Festival of false solutions


In my last installment, I mentioned that climate negotiations from Durban onwards will increasingly confront the issue of climate justice.

The reason being the atmosphere is a common space, a global commons. As I was gathering material for this article I stumbled upon environmental activist Nnimmo Basseys latest offering To Cook a Continent.

He believes, like anybody else that the world continues to stand in denial of the fact that climate change is triggered mainly by societys continual reliance on fossil fuels.

Perhaps the biggest undoing for Zimbabwe and Africa in general is the current form of civilisation based on Western-style consumption driven by for-profit corporations.

Civilisations have come and gone not just on account of military or political conquest, but also because of a failure to adapt to challenges. Africa is undeniably at the receiving end of climate change and for many the struggle for survival is literally a swim against the tide in a turbulent rising sea.

Notwithstanding the fact that governments are working on coping strategies to deal with climate variabilities, a number of factors stand in the way of their ability to cope with current and unpredictable future conditions. These limiting factors include poverty, weakened institutions and fragile ecosystems.

Africa feeds herself mainly through production by her army of family farmers, especially women forming 70% of its population. This farming largely depends on direct rainfall, and climate change is thus a unique threat here.

Climate impacts are already being felt in a severe way in Zimbabwe as well as other regions of the global south. It is a fact that centuries of exploitation have weakened the resilience of these regions and in tackling climate change these historical facts must be addressed.

The Conference of the Parties at Copenhagen (2009), Cancun (2010) and Durban (2011) did not generate outcomes consistent with scientific warnings that the world faces a severe climate crisis.

Copenhagen for instance ended with an accord spearheaded by US president Barack Obama with the backing of the BASIC countries (Brazil, South Africa, India and China) concocted in a Green Room dreamt up by Denmarks conservative ruling party.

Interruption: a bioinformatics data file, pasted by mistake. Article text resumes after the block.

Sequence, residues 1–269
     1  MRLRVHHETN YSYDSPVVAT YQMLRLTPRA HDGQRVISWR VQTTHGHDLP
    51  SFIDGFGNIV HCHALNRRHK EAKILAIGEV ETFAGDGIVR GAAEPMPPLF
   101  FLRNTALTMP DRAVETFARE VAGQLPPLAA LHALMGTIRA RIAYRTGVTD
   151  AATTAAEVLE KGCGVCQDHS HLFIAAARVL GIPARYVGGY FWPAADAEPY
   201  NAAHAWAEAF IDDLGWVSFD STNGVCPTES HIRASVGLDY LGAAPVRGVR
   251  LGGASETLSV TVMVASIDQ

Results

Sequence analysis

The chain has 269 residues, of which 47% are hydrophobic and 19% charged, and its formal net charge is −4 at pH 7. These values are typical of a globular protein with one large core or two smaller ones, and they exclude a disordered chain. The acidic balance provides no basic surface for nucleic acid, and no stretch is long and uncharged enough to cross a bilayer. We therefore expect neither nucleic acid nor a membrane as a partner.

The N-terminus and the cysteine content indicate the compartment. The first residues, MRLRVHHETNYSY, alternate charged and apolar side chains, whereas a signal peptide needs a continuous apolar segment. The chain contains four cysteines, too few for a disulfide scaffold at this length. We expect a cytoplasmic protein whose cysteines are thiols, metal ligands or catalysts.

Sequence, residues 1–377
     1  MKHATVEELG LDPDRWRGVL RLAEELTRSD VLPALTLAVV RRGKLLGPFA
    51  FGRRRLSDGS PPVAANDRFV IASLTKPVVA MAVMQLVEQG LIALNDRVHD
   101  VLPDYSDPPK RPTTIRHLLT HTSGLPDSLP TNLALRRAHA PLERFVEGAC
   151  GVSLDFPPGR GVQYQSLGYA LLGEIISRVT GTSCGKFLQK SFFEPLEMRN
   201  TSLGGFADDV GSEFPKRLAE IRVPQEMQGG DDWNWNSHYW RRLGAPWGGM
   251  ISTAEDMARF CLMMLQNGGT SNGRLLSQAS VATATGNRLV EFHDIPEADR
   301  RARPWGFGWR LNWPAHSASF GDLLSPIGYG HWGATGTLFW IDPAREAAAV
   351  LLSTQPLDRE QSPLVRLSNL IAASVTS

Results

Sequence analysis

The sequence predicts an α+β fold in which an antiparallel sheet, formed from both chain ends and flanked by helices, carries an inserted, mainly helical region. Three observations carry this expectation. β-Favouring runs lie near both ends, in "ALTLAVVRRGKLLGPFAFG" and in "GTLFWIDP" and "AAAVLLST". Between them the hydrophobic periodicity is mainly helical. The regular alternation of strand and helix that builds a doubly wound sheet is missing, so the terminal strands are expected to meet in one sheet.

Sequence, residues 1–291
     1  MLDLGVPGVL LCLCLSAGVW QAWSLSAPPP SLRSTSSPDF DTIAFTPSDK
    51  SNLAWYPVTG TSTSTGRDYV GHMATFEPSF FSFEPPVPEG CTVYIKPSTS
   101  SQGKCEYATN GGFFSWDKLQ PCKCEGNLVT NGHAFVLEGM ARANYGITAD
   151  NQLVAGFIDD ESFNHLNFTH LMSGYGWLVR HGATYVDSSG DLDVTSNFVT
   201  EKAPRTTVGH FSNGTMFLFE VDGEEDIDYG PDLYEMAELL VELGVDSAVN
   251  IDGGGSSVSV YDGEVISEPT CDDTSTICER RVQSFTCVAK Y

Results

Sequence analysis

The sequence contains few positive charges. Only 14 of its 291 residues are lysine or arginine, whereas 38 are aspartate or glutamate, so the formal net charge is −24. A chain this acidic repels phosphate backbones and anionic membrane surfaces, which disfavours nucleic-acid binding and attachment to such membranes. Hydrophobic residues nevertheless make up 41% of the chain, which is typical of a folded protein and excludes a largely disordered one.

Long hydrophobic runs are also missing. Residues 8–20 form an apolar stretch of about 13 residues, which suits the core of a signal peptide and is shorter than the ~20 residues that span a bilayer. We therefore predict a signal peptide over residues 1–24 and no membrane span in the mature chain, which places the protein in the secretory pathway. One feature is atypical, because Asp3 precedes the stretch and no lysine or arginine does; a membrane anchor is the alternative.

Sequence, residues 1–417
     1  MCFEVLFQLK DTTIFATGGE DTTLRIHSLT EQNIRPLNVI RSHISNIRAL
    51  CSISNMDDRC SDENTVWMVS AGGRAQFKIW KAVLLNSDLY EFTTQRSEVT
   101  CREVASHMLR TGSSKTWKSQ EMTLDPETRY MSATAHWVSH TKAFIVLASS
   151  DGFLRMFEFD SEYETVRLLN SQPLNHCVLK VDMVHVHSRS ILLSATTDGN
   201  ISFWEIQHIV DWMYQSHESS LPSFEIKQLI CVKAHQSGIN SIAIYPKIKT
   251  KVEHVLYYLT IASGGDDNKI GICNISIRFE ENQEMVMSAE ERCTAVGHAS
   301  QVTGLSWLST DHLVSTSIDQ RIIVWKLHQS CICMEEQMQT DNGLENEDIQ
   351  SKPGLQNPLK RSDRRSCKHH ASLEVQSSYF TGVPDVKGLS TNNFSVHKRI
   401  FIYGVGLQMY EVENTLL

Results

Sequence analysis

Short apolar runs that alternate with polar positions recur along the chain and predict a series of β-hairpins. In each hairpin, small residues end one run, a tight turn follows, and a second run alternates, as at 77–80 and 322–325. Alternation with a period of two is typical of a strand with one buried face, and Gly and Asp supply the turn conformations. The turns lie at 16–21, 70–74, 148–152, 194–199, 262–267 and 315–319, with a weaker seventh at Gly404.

In the Green Room, 26 countries were cherry-picked to represent the world. When even that small group deadlocked allegedly due to Chinas intransigence and the overall weak parameters set by the US, Obama, Lula da Silva (former Brazilian leader), South Africas Jacob Zuma, Indias Manmohan Singh, and Chinas Wen Jiabao reportedly attempted a face-saving last gasp at planetary hygiene.

Durban was to be worse as the 10-day international event ended in a deadlock after 13 days, and still nothing out of the ordinary came out.

Therefore the demand of climate justice is that those who created the climate problem must be the ones to mitigate it, and in the process must transform their economies and societies.

Developed countries must reduce gluttonous consumption patterns and address the climate crisis with real solutions, and secondly, rich countries have to support poor nations who are forced to adapt to a situation they did not create.

This means supporting sustainable, green development paths. But at a time the world is calling for the curtailment of polluting industrial establishments, China has been building new coal-fired power plants at a phenomenal rate.

That discourse on how much both China and India must do in tackling global warming must not overlook the fact that vast numbers of people in both these countries still need electricity supply and that meeting that gap requires huge financial outlays.

Following catastrophic outcomes of successive United Nations Framework on Climate Change Conferences since 2009 environmentalists must at the forthcoming Rio+20 summit give voice to women and men, young and old, who are resisting daily the advance of a development model that is by definition unsustainable; a model whose predatory inhumanity is trying to subject every aspect of life to the dictates of the market, always putting the profits of a few ahead of everyones wellbeing, while simultaneously trying to hide behind a green-washed face.

It was during the Earth Summit in 1992 that an almost unprecedented social mobilisation in the face of an official conference gave way, among other things, to the United Nations Convention on Biological Diversity and to the UNFCCC.

It is the founding principles of that Convention on Climate Change- the historical responsibility of the industrialised countries for climate change, ecological and climate debt, and thus common but differentiated responsibilities for its treatment – which are now suffering as never before the onslaught of the most concentrated forms of capital in their attempt to turn all of life into a commodity at the service of their profits.

Just like the neoliberal agenda of essential service privatizations in the 90s, the green economy look like its all about liberalising market access to nature, dividing it up into components such as carbon, biodiversity, and environmental services, while at the same time generating new instruments of financial speculation, corporate control, and the emptying of territories.

Faced with the huge festival of false solutions the large corporations are preparing for Ro+20, to consolidate a green-washed capitalism as the only response to the multiple crises they themselves are responsible for unleashing economic, ecological food, energy, democratic, climate, rights, gender, in short, a civilisational crisis the poor must challenge, articulate and draw attention to the real issues that peoples everywhere are building, in the fields and forests, factories, communities, neighborhoods, schools, and other places of work and livelihood.